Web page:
But The Boxtrolls is much more than that. Courage and bravery and strong community connections all take a big bow here. And Fish, for one, couldn't be a better father in the midst of a movie that delivers an inspiring, tenderhearted picture of what fatherhood should in fact look like. Namely, that a father's job is to love, protect, nourish and nurture the children entrusted to him.

Which brings me, frustratingly, to my second conclusion: Connecting the dots between the gay-parents-themed lyrics of Loch Lomond's movie-ending song and the film's first trailer, which also dwells on the idea of children being raised by same-sex parents, we're forced to reframe The Boxtrolls in a way we might not initially be inclined to do—but in the way its makers say they want us to.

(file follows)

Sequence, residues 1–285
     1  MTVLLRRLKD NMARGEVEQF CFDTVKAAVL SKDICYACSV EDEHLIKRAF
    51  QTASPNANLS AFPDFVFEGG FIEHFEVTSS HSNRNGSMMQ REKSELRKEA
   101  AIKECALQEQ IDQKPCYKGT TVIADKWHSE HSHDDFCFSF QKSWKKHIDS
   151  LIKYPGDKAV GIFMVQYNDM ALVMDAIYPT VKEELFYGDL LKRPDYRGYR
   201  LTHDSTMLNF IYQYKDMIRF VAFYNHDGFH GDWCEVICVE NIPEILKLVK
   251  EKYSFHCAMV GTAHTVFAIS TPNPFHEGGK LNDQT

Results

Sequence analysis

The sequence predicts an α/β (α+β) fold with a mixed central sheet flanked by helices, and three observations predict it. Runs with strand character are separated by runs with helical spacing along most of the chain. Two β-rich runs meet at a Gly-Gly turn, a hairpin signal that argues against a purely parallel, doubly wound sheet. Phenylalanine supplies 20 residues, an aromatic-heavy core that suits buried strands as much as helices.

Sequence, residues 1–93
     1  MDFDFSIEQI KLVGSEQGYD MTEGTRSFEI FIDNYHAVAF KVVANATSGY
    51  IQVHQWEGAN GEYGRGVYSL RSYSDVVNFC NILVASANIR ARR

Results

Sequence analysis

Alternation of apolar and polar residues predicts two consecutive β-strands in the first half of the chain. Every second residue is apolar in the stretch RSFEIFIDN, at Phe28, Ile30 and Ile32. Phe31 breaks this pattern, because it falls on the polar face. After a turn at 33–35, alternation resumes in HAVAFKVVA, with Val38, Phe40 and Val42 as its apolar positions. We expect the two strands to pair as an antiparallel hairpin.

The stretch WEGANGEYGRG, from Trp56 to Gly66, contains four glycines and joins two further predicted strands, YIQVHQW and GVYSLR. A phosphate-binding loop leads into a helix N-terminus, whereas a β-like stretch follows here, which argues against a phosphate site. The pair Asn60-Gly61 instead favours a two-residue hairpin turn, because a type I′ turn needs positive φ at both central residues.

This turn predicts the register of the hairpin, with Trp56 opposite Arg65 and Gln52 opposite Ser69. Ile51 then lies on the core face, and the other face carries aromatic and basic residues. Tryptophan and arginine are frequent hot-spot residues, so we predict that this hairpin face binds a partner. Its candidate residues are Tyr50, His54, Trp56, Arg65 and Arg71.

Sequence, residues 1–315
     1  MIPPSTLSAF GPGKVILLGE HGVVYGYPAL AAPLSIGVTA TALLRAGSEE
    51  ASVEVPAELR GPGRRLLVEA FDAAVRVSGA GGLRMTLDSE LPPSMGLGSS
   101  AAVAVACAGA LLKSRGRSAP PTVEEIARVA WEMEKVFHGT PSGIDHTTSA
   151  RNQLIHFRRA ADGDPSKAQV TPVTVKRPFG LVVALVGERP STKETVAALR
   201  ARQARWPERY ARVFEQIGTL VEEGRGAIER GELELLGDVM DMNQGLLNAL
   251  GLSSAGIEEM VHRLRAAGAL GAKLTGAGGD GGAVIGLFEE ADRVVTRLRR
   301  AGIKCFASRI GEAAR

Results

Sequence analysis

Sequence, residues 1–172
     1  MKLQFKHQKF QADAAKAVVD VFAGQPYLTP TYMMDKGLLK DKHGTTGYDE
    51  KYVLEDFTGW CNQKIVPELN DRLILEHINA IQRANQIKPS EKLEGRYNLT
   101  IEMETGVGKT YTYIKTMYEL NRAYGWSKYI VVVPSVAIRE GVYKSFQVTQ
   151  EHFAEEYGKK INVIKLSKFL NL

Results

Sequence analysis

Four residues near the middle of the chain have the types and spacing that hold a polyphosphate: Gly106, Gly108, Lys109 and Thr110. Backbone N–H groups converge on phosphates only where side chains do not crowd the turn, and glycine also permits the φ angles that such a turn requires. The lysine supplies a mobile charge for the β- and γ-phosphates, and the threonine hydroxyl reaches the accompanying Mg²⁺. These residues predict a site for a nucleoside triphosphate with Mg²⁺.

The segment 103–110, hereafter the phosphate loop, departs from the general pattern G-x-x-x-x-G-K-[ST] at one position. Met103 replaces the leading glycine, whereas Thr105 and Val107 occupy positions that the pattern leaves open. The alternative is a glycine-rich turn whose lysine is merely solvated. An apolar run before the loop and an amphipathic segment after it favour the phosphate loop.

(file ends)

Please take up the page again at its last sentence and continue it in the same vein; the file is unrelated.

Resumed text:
In that trailer, the narrator tells us, "Sometimes there's a mother. Sometimes there's a father. Sometimes there's a father and a father. Sometimes both fathers are mothers. … Families come in all shapes and sizes, even rectangles." So are the out-of-the-box Boxtrolls used as out-of-the-closet parallels for the idea of having "unusual" and "not-so-mainstream" parents? Is The Boxtrolls really a sly stab at praising homosexual family structures?

Talking about the trailer and the film's message, Laika Studios CEO Travis Knight told The Hollywood Reporter, "We're not in any way trying to be activists. We're just trying to be who we are. All art and all artists have a point of view, a way of looking at the world. We want to make films that are bold and distinctive and enduring and actually have something meaningful to say." He continued, "The Boxtrolls are a very loving community that have been marginalized by the lies and distortions of others. It doesn't take someone who's got a Ph.D. to recognize that of course there are metaphoric elements to the message in our movie."